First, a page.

Globalization, Social Capital and Inequality

Globalization, Social Capital and Inequality

Contested Concepts, Contested Experiences

Edited by Wilfred Dolfsma and Charlie Dannreuther

This volume investigates the relationship between globalization, inequality and social capital, and reveals that although strongly related, these ideas are also highly contested. The authors elucidate the interactions between these concepts, looking in detail at the conflicts and competitiveness which can arise at both the national and organizational level.

Chapter 9: Contexted boundaries: globalization, social capital and inequality

Wilfred Dolfsma and Charlie Dannreuther

Subjects: economics and finance, institutional economics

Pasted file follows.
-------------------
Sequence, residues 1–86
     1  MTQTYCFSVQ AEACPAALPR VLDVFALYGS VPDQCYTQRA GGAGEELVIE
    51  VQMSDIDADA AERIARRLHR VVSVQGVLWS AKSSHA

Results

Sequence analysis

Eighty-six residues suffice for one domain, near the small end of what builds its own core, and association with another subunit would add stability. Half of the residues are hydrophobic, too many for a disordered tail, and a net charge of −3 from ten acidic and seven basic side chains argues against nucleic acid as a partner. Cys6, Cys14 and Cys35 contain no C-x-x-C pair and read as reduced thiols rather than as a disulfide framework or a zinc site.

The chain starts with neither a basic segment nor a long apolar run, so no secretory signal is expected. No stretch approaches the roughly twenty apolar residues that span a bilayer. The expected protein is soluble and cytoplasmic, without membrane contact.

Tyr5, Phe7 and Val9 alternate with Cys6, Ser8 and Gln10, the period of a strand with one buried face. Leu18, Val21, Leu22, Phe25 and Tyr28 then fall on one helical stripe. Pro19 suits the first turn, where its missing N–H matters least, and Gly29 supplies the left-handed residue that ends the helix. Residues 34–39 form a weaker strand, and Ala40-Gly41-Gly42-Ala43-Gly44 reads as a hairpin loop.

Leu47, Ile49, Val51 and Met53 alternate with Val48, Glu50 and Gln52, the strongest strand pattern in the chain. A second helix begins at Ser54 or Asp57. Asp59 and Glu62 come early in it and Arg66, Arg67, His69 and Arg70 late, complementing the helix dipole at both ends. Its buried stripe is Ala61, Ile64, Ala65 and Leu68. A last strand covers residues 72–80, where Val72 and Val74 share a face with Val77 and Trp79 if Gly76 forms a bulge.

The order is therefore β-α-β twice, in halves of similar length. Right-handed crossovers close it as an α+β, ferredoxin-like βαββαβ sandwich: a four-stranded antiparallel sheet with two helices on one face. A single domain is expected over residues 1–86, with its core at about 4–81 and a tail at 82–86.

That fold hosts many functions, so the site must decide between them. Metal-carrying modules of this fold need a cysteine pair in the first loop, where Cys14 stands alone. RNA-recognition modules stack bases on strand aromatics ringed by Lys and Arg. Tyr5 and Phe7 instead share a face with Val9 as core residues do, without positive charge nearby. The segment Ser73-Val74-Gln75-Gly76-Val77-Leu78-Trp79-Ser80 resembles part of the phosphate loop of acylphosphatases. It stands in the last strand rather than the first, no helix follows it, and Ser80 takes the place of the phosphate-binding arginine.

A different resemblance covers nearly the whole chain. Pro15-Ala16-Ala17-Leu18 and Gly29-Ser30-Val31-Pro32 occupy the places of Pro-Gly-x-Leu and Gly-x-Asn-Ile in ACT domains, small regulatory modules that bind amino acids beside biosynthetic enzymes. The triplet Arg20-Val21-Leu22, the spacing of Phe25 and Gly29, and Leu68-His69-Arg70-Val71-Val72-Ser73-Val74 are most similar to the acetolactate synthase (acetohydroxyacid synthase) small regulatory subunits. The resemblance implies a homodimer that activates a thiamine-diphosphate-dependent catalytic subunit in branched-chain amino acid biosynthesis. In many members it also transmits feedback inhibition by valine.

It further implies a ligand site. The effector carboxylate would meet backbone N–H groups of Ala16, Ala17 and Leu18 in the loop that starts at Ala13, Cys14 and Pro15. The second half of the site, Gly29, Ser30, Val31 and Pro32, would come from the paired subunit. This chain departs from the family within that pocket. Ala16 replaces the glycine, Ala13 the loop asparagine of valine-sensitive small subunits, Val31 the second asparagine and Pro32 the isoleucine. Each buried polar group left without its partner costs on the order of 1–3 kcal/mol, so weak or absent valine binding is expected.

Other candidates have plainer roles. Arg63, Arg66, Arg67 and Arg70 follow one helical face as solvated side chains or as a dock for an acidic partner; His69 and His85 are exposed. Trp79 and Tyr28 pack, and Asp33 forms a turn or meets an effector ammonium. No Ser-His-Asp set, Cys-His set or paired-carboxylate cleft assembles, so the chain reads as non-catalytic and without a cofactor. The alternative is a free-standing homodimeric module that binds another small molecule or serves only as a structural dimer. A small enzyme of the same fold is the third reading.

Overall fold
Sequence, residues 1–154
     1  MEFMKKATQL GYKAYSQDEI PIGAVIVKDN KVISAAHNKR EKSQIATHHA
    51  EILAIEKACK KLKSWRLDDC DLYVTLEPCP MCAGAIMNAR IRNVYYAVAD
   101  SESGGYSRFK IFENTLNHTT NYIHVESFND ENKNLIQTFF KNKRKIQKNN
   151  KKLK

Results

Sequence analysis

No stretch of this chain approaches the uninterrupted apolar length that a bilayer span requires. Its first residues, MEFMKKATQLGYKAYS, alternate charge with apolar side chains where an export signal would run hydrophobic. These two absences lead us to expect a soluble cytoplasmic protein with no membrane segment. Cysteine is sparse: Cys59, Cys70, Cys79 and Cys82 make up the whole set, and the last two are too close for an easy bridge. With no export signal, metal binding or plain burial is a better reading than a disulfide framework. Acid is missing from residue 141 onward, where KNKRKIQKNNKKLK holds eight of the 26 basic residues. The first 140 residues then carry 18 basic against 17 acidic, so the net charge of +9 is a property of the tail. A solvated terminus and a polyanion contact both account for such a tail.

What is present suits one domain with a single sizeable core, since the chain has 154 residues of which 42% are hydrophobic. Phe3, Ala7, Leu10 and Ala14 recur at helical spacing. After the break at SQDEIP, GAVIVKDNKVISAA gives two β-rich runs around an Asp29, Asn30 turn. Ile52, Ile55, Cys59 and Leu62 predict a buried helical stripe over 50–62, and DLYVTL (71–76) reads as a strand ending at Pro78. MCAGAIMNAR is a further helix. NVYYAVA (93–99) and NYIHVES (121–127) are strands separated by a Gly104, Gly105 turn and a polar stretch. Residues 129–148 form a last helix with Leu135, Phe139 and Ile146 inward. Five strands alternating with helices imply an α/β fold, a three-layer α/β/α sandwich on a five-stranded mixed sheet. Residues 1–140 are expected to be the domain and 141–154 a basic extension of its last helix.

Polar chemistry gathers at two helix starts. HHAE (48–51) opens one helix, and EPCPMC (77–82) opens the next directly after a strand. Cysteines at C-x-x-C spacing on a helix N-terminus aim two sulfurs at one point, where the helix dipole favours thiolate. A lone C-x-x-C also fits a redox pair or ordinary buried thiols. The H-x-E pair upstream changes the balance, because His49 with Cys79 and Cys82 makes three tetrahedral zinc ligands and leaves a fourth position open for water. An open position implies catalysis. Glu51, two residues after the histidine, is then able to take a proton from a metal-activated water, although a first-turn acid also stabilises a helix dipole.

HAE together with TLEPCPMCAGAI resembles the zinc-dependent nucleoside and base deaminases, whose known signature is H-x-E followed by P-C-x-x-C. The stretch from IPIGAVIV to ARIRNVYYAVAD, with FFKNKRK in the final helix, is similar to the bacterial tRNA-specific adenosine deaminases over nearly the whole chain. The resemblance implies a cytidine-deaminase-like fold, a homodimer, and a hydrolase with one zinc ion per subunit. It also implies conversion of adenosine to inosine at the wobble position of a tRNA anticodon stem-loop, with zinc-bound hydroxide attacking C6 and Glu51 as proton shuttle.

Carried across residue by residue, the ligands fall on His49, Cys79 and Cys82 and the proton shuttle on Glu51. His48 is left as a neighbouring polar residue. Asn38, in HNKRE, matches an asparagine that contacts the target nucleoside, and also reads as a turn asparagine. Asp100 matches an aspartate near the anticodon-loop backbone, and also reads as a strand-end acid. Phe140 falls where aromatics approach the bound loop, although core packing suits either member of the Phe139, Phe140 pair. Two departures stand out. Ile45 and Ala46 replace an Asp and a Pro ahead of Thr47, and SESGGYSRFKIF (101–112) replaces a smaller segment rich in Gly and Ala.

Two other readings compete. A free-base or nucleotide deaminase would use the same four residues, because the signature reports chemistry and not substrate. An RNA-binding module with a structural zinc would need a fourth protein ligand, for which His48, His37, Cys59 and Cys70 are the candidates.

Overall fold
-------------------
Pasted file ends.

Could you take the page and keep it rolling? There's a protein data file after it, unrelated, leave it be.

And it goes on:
17307_Globalisation/Chap 9 05/03/2003 9:33 am Page 1 9. Contested boundaries: globalization, social capital and inequality Wilfred Dolfsma and Charlie Dannreuther Globalization has never stopped being contested. Conceptually, both its existence as well as its effects are disputed.1 The disputes actually taking place in ‘the real world out there’ have taken increasingly nasty forms over the last few years. The workings of organizations overarching the nation states have been subject to strong forms of criticisms from a number of segments in society. The reasons for such criticisms by both (organized groups of) civilians, but also by governments to some degree, can be found in the other two words from the title of this edited volume: social capital and inequality. Globalization might threaten existing forms and structures of societies or communities. Partly related to this point: countries, groups or individuals might be worse off in relative or even absolute terms because of the workings of globalization.2 The relation between the discussions taking place in the real world out there on the one hand, and in the academic realm on the other is clearly brought out in the chapter by Lord Desai prefacing this volume, as well as in the contribution of Milan Sojka. Discussing the links between globalization, social capital and inequality, on an empirical and theoretical level, is what this volume adds to the burgeoning literature. In doing so, it tries to provide a guideline for this highly sensitive and dynamic discussion. BOUNDARIES The idea of boundary is a...

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